This is a guest post from Gina Kempton-Doane. Gina is a Registered Psychologist in Saskatchewan with an academic and practical background in Agriculture.
Plant15 is about to get underway and with that the stress of the growing season starts. We asked Gina to share some strategies to cope with stress.
Q: Plant15 is about to get underway and with that the stress of the growing season starts. Why is it important to think about stress and what are some of the benefits to managing stress effectively?
A: Good stress management can make or break a farming operation. Farming in 2015 is extremely challenging. Farmers are required to have expertise in many different areas including marketing, agronomy, finance, technology, human resources, workplace health and safety and environmental sustainability. The intellectual demands of this occupation are impressive. Furthermore, farmers are often operating multi-million dollar businesses in extremely volatile markets where there is little control over the many factors that impact the outcome of a crop. Ignoring symptoms of unhealthy stress levels can quickly impact the health of the farmer, the farming business, and the farm family.
We cannot eliminate stress, but it can be balanced with healthy habits that keep our minds and bodies operating well. When a farmer manages stress well it will result in better decision making (crucial during planting and harvesting), less downtime due to illness, happier relationships and better crops.
Q: What are some realistic things farmers can do to cope with stress during planting?
A: Exercise not only helps us reduce stress levels, but also can improve brain functioning and energy levels. A small time investment here can greatly improve your productivity and efficiency throughout the day. If you can’t find a larger chunk of time to devote to exercise, small increments of 10 minutes spent being active can make a difference. For example, a quick walk across the yard instead of driving or manually moving bags of seed instead of using machinery can sometimes do the trick.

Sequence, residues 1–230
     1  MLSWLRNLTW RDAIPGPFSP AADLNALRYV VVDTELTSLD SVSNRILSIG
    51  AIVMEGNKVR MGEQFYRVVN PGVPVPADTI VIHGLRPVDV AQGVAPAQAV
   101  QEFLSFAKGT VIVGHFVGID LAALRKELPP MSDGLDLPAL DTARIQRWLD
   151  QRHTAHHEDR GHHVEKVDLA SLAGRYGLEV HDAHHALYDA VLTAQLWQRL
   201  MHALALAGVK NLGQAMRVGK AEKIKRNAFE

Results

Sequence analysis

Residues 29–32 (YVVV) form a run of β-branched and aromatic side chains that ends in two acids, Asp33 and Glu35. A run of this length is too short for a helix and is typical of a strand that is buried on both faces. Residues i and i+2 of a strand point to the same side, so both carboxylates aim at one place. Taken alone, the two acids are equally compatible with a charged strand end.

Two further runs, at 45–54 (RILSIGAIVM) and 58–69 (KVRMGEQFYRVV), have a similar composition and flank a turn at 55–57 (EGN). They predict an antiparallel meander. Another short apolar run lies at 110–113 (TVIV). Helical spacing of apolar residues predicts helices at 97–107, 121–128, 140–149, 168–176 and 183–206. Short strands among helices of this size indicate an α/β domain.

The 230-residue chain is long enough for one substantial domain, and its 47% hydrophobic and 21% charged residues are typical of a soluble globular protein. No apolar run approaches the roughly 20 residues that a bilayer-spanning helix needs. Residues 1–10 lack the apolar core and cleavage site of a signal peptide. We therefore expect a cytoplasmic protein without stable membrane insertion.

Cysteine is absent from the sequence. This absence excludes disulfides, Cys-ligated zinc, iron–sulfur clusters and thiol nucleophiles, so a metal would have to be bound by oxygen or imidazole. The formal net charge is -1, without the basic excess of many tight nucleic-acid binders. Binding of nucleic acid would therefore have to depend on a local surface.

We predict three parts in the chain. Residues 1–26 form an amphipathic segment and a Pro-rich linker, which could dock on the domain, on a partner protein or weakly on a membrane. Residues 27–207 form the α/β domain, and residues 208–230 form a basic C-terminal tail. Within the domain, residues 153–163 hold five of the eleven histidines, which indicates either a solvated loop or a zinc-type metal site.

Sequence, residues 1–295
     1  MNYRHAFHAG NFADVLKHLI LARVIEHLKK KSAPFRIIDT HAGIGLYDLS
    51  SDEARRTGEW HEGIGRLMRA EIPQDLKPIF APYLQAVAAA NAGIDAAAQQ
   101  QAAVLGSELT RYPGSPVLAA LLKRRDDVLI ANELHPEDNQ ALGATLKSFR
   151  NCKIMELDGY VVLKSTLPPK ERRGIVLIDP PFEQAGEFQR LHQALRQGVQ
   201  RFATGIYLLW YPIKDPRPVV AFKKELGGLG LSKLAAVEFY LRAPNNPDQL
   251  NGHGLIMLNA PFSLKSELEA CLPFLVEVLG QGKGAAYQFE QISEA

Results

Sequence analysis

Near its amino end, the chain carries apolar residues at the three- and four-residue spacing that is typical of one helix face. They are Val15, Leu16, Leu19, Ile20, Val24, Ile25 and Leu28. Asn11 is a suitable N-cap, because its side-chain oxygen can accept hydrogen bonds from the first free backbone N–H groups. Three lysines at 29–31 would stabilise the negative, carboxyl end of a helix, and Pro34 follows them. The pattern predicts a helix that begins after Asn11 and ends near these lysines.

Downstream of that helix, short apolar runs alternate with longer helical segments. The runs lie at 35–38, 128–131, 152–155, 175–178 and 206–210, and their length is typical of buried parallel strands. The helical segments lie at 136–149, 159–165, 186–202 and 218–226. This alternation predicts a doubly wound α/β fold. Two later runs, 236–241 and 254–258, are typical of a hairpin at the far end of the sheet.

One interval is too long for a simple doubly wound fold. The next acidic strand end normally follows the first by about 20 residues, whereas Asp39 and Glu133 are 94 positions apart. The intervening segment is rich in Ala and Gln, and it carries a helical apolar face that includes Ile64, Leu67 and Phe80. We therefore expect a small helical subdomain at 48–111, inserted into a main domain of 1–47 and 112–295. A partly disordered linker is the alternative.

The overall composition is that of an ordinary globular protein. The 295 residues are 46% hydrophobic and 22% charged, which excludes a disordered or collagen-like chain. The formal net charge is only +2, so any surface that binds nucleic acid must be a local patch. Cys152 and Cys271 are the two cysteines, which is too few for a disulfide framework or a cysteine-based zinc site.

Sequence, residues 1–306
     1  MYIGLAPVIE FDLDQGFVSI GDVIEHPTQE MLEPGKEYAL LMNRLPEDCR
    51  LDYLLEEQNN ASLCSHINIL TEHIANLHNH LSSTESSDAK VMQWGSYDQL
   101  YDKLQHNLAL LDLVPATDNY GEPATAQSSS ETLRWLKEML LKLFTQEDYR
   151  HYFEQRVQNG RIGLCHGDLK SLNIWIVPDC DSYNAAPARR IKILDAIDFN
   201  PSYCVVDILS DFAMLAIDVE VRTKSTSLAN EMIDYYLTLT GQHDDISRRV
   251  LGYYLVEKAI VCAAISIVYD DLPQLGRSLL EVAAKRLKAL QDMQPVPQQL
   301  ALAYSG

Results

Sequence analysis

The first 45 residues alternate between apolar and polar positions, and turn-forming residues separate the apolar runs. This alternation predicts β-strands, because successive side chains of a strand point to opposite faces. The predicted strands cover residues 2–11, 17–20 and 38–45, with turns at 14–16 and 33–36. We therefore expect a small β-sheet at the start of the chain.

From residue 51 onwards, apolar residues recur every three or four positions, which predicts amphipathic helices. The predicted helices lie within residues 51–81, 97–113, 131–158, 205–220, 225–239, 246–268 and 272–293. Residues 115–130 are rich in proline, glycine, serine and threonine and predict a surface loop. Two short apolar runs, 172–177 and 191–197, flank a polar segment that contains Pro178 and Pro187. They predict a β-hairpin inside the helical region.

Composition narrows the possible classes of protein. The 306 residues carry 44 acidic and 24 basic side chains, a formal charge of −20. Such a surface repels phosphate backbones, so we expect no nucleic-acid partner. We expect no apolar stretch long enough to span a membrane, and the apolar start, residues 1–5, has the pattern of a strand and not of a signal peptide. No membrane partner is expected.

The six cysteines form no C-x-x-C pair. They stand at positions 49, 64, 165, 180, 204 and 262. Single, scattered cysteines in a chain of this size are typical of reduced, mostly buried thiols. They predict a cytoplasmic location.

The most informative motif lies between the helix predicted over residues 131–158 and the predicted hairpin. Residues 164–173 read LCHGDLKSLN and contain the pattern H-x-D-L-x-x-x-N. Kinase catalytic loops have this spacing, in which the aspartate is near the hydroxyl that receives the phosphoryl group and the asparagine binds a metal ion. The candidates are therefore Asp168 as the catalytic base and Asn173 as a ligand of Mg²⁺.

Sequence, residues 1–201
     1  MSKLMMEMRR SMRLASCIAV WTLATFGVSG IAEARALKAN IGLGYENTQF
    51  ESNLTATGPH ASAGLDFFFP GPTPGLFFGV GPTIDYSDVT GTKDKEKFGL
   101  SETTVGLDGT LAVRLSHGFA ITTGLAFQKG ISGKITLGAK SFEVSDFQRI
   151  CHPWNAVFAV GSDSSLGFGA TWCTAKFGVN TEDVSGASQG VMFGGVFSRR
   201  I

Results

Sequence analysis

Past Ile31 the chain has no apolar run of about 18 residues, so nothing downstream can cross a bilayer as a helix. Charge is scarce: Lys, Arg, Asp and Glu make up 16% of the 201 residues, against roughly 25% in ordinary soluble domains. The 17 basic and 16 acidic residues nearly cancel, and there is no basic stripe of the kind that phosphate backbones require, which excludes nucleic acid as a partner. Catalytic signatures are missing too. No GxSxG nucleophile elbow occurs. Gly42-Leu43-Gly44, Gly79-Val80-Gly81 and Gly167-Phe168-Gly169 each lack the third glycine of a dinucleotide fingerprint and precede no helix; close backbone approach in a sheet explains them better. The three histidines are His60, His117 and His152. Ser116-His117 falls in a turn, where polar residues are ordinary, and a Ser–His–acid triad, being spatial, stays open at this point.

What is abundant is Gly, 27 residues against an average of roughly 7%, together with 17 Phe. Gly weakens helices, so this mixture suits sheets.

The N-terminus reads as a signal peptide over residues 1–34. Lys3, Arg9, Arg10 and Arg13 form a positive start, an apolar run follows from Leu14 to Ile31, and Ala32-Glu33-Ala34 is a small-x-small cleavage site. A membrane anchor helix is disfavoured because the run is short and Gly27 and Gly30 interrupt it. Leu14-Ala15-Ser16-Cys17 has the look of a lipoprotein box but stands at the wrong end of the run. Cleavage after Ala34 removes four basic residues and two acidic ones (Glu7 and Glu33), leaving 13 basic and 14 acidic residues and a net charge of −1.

Getting enough sleep is essential! All too often I hear farmers talk about how little sleep they get, and sometimes they wear that as a badge of honor. But being sleep deprived is a recipe for disaster; physically, mentally and especially in terms of safety. The risk of preventable accidents on the farm goes up dramatically when you lose even a couple hours of sleep.
Last, but not least, remember to prioritize some time with family. It can feel next to impossible to shut down the drill or planter in order to share a meal with your family or tuck your kids into bed at night. However, the investment is more than worth it and will improve your quality of life and your farming operation.
Q: What are some early signs of excessive stress levels that we can be on the lookout for within ourselves and others?
A: It’s usually very difficult to recognize signs of stress in ourselves, and often family or friends are the ones who notice sooner. Increased irritability, conflict with partners, having less patience with children, spending more time alone, making “snap” decisions on marketing or agronomics, or feeling as though other farmers are somehow doing better or are more ready for planting can be red flags. Many farmers use social media, and report feelings of inadequacy after seeing the progress other farmers are making (keep in mind, most of us don’t post our mistakes and failures on social media, usually we are all in the same boat!).